Can a Country Create a “Customer Experience”?

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In 2012, Puerto Rico enacted law 22, or the Individual Investors Tax Act, in an effort to bring high net worth individuals to the island. The goal is to have them invest in the local economy and help pull it out of it’s 8-year and counting recession. The law creates a tax haven for investors and traders, once they become bona fide residents, by allowing them a 100% tax exemption on all dividends, interest and short-term and long-term capital gains on income earned in Puerto Rico.

To date, about 300 individuals have taken advantage of the law and have moved lock, stock and barrel to Puerto Rico. The average net worth of these individuals is roughly $7 million, although there are one or two billionaires in there. So if you invite a whole bunch of wealthy people to upend their comfortable lives and help you re-start your economy, what can a country do to ensure a positive customer experience? Because that is what these migrants essentially are: customers.

This type of customer is every entity’s dream. And their nightmare. Yes, this customer has more money than they know what to do with. But because of precisely that, they may be the hardest customer to keep happy.

All kinds of companies have stepped up to the plate to assure the newly minted Puerto Ricans that they can replicate their lives here. Sotheby’s opened a real estate office here. Government officials set up a conference to educate them about private schools, recreational activities, the arts and philanthropic opportunities. Beachside towns, such as Dorado, have pulled out all the stops to lure the island’s latest immigrants to their communities. The settler’s themselves have set up their own non-profit organization, The 20/22 Act Society, to foster a sense of community amongst other individuals and entities coming to PR for the tax incentives.

Will the government’s experiment to bring in a few hundred millionaires have a significant impact on the Puerto Rican economy? Will they be able to provide their new found citizens with the kind of “customer experience” that will help them adapt and flourish? They may have come here for the tax breaks, but how much of their lifestyle are they willing to give up in return? Only time will tell.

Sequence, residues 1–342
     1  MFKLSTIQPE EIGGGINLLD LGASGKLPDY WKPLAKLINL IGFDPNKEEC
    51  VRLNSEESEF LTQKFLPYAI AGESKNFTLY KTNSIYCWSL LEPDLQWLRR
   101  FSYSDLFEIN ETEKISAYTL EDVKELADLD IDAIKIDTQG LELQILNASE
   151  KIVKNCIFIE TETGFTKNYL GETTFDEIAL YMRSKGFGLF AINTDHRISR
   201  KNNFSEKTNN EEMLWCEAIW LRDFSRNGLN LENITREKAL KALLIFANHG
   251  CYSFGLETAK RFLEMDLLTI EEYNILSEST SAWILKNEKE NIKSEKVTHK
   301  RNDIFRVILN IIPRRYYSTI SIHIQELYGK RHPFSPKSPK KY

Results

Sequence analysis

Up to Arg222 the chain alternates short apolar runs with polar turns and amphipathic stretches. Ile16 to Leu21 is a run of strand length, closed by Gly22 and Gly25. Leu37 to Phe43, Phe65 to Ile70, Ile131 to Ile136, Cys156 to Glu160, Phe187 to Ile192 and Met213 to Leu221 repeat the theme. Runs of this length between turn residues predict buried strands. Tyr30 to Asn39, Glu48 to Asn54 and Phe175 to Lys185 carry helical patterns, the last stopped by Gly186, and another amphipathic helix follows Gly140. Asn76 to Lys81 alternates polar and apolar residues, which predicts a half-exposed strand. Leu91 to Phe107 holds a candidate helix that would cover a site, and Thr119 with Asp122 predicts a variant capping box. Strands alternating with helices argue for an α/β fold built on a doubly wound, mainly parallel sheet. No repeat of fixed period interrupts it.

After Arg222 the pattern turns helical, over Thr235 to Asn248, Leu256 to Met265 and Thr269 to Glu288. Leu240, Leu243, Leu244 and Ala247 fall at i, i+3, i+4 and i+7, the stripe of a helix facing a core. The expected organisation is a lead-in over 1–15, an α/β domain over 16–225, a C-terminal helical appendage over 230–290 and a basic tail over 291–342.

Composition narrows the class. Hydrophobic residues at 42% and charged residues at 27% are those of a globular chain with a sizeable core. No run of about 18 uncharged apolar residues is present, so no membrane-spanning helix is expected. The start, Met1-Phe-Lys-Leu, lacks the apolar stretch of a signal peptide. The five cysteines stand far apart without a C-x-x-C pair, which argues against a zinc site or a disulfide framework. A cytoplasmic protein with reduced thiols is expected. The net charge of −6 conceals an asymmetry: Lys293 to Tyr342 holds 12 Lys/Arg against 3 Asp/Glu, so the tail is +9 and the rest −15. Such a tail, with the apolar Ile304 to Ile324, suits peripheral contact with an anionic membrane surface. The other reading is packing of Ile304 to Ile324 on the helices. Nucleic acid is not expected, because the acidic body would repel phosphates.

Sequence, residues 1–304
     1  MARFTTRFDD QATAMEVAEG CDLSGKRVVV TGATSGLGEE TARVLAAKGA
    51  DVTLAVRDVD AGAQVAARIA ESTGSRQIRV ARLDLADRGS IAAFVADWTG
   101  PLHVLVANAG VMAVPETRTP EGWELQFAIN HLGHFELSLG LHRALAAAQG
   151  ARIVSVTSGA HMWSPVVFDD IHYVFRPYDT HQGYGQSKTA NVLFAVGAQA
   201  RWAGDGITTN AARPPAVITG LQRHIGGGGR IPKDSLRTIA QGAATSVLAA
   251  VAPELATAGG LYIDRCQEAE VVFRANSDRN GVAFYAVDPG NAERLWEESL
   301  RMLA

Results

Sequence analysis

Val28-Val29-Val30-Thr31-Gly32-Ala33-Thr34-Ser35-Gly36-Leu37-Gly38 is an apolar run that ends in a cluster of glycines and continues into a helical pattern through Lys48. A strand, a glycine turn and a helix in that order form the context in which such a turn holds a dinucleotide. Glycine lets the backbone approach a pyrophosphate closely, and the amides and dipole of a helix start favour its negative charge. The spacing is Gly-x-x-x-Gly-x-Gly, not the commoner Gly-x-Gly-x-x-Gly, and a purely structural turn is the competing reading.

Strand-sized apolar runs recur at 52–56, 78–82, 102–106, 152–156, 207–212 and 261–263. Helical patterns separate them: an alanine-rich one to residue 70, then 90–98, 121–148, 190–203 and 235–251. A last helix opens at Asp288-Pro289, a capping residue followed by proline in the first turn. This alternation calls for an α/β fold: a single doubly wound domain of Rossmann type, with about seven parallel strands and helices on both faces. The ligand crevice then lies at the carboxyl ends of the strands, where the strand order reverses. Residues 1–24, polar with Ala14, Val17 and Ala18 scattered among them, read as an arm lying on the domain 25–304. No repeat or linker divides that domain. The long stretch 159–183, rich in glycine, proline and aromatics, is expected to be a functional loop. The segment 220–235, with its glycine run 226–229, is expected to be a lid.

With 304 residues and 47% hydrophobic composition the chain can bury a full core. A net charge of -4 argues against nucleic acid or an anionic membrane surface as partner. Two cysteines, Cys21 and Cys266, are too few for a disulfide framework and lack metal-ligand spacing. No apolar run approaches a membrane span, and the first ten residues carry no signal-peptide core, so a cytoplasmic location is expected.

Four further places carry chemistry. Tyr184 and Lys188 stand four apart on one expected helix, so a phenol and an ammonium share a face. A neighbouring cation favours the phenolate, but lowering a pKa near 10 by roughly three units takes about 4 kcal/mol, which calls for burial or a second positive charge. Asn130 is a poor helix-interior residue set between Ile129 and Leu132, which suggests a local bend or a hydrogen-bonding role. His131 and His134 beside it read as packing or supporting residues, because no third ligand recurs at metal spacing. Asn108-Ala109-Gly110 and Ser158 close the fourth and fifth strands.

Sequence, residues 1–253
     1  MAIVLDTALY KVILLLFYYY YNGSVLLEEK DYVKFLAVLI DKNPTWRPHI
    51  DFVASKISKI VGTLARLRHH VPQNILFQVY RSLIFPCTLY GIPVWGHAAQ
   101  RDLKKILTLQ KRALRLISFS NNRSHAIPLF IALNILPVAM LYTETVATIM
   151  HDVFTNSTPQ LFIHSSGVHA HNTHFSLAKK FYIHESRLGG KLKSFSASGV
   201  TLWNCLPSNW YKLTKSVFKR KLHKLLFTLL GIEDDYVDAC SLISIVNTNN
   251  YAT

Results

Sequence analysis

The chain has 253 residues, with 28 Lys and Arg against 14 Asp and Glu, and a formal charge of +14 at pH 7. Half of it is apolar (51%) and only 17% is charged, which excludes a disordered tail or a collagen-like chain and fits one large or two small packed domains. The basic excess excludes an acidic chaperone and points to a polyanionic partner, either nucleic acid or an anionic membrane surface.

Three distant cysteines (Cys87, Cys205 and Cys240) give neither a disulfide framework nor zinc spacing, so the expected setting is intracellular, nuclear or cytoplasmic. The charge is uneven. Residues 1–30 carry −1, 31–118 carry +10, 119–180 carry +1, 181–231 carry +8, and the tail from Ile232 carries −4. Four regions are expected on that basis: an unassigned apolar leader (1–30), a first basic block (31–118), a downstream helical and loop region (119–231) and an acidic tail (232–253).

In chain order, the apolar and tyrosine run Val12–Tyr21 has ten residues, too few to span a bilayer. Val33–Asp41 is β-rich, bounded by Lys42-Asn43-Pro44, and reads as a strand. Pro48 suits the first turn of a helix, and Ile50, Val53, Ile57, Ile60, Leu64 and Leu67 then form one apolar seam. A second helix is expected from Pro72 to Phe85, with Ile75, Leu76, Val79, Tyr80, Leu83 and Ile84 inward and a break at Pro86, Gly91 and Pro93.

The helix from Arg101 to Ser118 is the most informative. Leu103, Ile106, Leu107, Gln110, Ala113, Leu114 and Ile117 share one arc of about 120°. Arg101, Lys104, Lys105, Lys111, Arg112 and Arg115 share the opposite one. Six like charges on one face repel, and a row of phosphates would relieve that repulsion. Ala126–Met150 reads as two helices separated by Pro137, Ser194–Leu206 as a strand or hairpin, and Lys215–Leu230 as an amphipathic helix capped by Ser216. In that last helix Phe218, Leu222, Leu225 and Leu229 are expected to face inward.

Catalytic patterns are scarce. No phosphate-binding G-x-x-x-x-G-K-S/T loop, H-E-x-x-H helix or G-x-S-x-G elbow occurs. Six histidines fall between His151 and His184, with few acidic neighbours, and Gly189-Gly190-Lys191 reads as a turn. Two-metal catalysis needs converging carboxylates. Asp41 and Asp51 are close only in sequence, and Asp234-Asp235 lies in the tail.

A significant part of the equation will depend on how happy they are living their lives here.  The government can try very hard to entice them to remain in Puerto Rico by cutting their tax burden. Still, there’s that old “money can’t buy happiness thing”. And in the end, if they aren’t happy, they might just start remembering the words of Benjamin Franklin, “In this world nothing can be said to be certain, except death and taxes.”

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If You Tweet It, They Will Come


I’ll readily admit that when I started taking a class in Social Media Marketing, I was not a huge fan of Twitter.  I understand why people use Facebook. I even get Instagram. But I wasn’t quite convinced about the redeeming qualities of Twitter.  I mean, why follow someone 140 characters at a time?  Can there really be any substance in the clipped and transient messages this platform affords?

Tasked with writing about the most influential people in Puerto Rico on Twitter, I reluctantly set out to see who these people were, what they had to say and why they were being followed.

According to the Buena Vibra Group‘s research on the top Puerto Rican Twitter influencers in 2013, the most influential of all is Residente C13 — one half of the Puerto Rican band Calle 13.  They have won 2 Grammys, 19 Latin Grammy Awards and are currently nominated for another 9 Latin Grammy Awards. Residente C13 has 5.2 million followers on Twitter.  Conversely, the other half of the group — Visitante — has only 420,000 followers (to be fair, Residente’s Twitter feed is designated as the “official” one for the group).


So why are they so influential on social media?  As pointed out in an NPR article, they are one of the “most beloved and hated bands in the Spanish-speaking world”.  They are politically outspoken — they were banned from performing in San Juan for 3 years after insulting the governor of Puerto Rico during a live awards show.  They have been reviled by some for their deeply raunchy and explicit lyrics.